13. “I like all genres, but I require only three things from bands: singers that can actually sing, players that can actually play, and writers that can actually write.”

    But if you can’t do any of that, then just play real loud.

  14. Clown and Paul:

    “It is not cool that you know that, RickDFL.”

    I can not take credit/blame for knowing it. I just googled Pat Boone and got the Wikipedia entry.

    All I can claim credit for is knowing that Mitch will invariably botch even the most basic factual matters.

  15. I just googled Pat Boone

    And that is all we need to know about RickDFL.

    The POINT, numbnuts, is that Boone was repackaging R’nB before it was mainstream.

    I got the year wrong? Whoop di doo. It’s about music, not dates.

    A fine distinction, I know.

  16. I don’t know who matters. I think the industry today is getting into a bad rut like it was in the late 70’s. Still looking for that ray of hope.

  17. How can a post about “how popular music has really ebbed and flowed; in cycles of 5-7 years” not be about both music and dates?

    Look I don’t think your argument depends on anything about Pat Boone, I just think it is funny that once again you get a basic fact wrong.

  18. It’s not a “basic fact”, it’s a historical observation; as you note yourself, no part of my argument depends on it. It doesn’t matter WHEN Pat Boone did his thing; the only dates that matter (for purposes of my argument) are the various eras.

    Which are not only open to discussion, but bound to be a helluvva lot more interesting.

  19. Mitch, reading Rick’s pointless niggling is like watching a defensive end do a sack dance while his team is losing 51-7 with 45 seconds left in the 4th quarter.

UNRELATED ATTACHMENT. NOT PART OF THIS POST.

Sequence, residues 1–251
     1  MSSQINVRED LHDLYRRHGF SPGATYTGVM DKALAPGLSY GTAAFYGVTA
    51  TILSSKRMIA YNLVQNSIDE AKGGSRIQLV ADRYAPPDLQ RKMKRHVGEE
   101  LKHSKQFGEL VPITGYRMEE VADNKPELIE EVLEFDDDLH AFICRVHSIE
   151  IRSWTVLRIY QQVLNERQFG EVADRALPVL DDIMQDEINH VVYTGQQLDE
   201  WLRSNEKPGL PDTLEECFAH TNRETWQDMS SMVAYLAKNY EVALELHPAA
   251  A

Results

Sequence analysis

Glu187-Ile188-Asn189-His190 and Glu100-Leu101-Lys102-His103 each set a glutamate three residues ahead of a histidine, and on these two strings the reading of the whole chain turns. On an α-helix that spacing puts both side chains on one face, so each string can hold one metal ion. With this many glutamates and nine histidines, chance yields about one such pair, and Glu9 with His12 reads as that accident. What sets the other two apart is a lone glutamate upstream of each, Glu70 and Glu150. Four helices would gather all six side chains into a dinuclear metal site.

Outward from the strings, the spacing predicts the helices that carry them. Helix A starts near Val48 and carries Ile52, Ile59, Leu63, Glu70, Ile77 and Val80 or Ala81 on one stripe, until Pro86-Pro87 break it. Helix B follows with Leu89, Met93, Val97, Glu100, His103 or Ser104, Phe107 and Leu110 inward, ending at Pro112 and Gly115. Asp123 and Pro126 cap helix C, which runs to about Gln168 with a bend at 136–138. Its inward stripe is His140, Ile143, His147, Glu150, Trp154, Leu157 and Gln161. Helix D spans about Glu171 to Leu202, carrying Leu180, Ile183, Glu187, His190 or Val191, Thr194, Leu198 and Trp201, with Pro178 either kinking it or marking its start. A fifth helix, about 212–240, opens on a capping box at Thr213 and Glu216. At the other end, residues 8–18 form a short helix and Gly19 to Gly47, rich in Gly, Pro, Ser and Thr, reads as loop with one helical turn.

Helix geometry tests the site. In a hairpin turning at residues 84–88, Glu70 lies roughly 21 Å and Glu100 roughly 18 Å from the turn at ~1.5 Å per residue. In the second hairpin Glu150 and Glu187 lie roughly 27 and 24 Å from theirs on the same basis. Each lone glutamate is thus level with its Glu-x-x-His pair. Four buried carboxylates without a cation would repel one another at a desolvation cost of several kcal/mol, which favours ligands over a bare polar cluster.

20. Who matters today? Who. I dunno, that’s why I’m asking. Who matters. Who? Yeah, Who.
    Sorry, couldn’t resist the temptation, but it’s true; The Who matters, and the Stones, and great Mowtown artists. Raise a hand out there if you don’t want to do “the business” with your significant other upon hearing Marvin Gaye’s “Sexual Healing”. And from what I see, “the kids” feel the same about the great music that was written back then. I saw a group of twenty-somethings plugging a jukebox full of Queen classics the other day, and I’m talking about OOOOLLLD Queen, like “Tie your Mother Down”!
    My point is, great music is relevant because it is great music, not because of the era it came out during. When a lull hits, it makes us appreciate more fully the Mick Taylor Era Rolling Stones, or the lush simplicity of the Beatles’ heyday.
    But we forty and fifty somethings are really the first rock and roll era generation with the ability to do that. We’re the first generation that actually has a back history of real rock and roll to be nostalgic about, and draw upon, and perhaps we’re the first group to see no new original thoughts in rock! Hmmmmm?!

  21. The standard wingnut defense when caught in an irrefutable misstatement; “facts are stupid things.” Fortunately for Mitch, his amen corner doesn’t require a very high standard of accuracy as long as he’s bashing the right people. Better to mock RickDFL for pointing out the error. Again.

  22. No, better to mock him for bogging down the discussion in an obtuse and, in the end, meaningless flub that doesn’t detract in any way from the larger point.

    Again.

  23. amen corner doesn’t require a very high standard of accuracy as long as he’s bashing the right people.

    Of course, I know the people in your “corner”, Vobo. It applies to them every bit as much as it might, occasionally, to mine.

  24. Angryclown is the lone occupant of his corner. Trespassers can expect a face full of seltzer.

  25. For pre-rock, I always think either bebop jazz or post-bop, more “cool” jazz. You see movies from the mid-50’s, even like “Rebel Without a Cause” that are pre-rock, and what are the young rebels listening to? Instrumental jazz. I think that’s cool, because putting “Rock Around the Clock” in “Rebel” would have almost been too much. Kinda like using that song was a bit much in “Blackboard Jungle.”
    The 80’s were, indeed, the best of all possible music decades, though. Because there was so very much going on, and so much of it was so good. Most of it moved well, and even the stuff that didn’t was very good at what it wanted to accomplish. Unlike the depressing 90’s music, the 80’s stuff was pretty “up.”
    Second place: I think the 70’s – but the lighter AM stuff and the disco. That stuff moved well and is still fun to hear.
    Third – 60’s stuff, like Beach Boys and flower power things. Great music there.